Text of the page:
# HTML + JS (ES6), 8 + 60 = 68 bytes

Tested in Chrome.

setIntervala.innerHTML=new Date().toLocaleTimeString('fr')
<a id=a>

-1 byte (@ETHProductions): Use French time format instead of .toTimeString().slice(0,8)

# HTML + JS (ES6), 8 + 62 = 70 bytes

This will work in FireFox.

setInterval('a.innerHTML=new Date().toLocaleTimeStringfr',0)
<a id=a>

-3 bytes (@ETHProductions): Use French time format instead of .toTimeString().slice(0,8)

• How does this work? I've never seen the backtick syntax before. I can't find anything on it either after some quick searching. – Carcigenicate Dec 5 '16 at 23:22
• Working for me in Inox (Chromium) – redstarcoder Dec 5 '16 at 23:22
• @Carcigenicate It's part of the latest JavaScript spec, ECMAScript6. developer.mozilla.org/en-US/docs/Web/JavaScript/Reference/… – darrylyeo Dec 5 '16 at 23:26
• @darrylyeo Thanks. I could find things on the literal syntax, but I couldn't see how it was applied here. I need to read the spec again. I still don't understand how the function that precedes the backtick is used. – Carcigenicate Dec 5 '16 at 23:28
• You can save 3 bytes in the Firefox one with new Date().toLocaleTimeStringfr  (1 byte in the Chrome one with ...TimeString('fr')) – ETHproductions Dec 6 '16 at 1:02

# Python 2, 50 bytes

(Python 2.1+ for ctime with no argument)

import time
while 1:print'\r'+time.ctime()[11:19],


time.ctime() yields a formatted string, from which the hh:mm:ss may be sliced using [11:19] (it remains in the same location whatever the date and time).

printing the carriage return '\r' before the text and making the text the first item of a tuple with , effectively suppresses the implicit trailing '\n' and overwrites the previously written output.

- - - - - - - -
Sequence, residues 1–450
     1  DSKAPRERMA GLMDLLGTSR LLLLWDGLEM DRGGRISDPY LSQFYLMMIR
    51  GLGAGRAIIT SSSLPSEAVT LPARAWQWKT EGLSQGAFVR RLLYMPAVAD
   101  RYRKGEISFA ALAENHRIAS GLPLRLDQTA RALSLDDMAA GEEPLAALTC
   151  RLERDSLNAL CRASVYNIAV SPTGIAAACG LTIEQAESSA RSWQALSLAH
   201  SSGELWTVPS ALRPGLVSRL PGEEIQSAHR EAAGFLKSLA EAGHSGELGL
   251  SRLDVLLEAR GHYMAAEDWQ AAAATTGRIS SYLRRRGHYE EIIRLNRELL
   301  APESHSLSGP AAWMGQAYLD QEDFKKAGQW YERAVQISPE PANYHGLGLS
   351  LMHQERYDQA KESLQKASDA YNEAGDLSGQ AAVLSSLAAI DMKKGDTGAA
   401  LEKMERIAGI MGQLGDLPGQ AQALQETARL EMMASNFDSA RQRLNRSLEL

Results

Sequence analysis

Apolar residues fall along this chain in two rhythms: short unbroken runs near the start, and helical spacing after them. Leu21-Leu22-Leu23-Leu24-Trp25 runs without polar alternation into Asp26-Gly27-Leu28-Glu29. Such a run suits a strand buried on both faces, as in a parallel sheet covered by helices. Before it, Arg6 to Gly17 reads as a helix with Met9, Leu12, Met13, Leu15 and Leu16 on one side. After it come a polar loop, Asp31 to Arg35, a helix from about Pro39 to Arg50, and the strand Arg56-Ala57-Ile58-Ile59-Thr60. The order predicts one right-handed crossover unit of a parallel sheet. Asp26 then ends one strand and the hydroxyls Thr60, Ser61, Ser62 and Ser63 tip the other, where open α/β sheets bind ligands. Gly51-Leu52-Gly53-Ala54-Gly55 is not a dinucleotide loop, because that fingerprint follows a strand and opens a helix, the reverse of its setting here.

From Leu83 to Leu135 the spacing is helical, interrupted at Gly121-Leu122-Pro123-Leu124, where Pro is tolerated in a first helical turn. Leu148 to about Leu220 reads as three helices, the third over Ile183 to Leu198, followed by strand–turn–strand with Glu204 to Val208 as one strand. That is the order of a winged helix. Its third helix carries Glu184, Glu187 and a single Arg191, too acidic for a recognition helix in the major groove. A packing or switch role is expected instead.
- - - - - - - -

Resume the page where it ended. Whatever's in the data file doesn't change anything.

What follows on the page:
while 1 loops forever.

• I think this needs a , at the end to supress the newline otherwise in Python 2.7.12 I get newlines. – redstarcoder Dec 5 '16 at 23:46
• Oops, yes you are correct... updated – Jonathan Allan Dec 5 '16 at 23:46

# Mathematica, 484137 28 bytes

Do[s=Now[[2]],∞]~Monitor~s


The output will be a TimeObject, refreshing continuously.

Looks like this:

Alternative versions

48 bytes:

Dynamic@Refresh[TimeObject[],UpdateInterval->.1]


53 bytes:

Dynamic@Refresh[DateString@"Time",UpdateInterval->.1]

• With it updating every second, did you ensure that it never skips seconds? (Ex: 11:11:11 -> 11:11:13) – redstarcoder Dec 5 '16 at 23:19
• Dynamic@{DateString@TimeObject[], Clock[]}[[1]] – DavidC Dec 5 '16 at 23:20
• @redstarcoder it updates every ~1.002s, so I changed to updating every 100ms – JungHwan Min Dec 5 '16 at 23:24
• Welp, I just realized I don't actually need Pause. – JungHwan Min Dec 5 '16 at 23:32
• Dynamic@{Now,Clock[]}[[1]] is 26 bytes and shows a datetime object. Dynamic@{DateString@"Time",Clock[]}[[1]] is 40 bytes and outputs only hh:mm:ss – Kelly Lowder Dec 12 '16 at 21:50

I see that the requirement for a non-signal UI input to stop the program has been removed. So now we can do: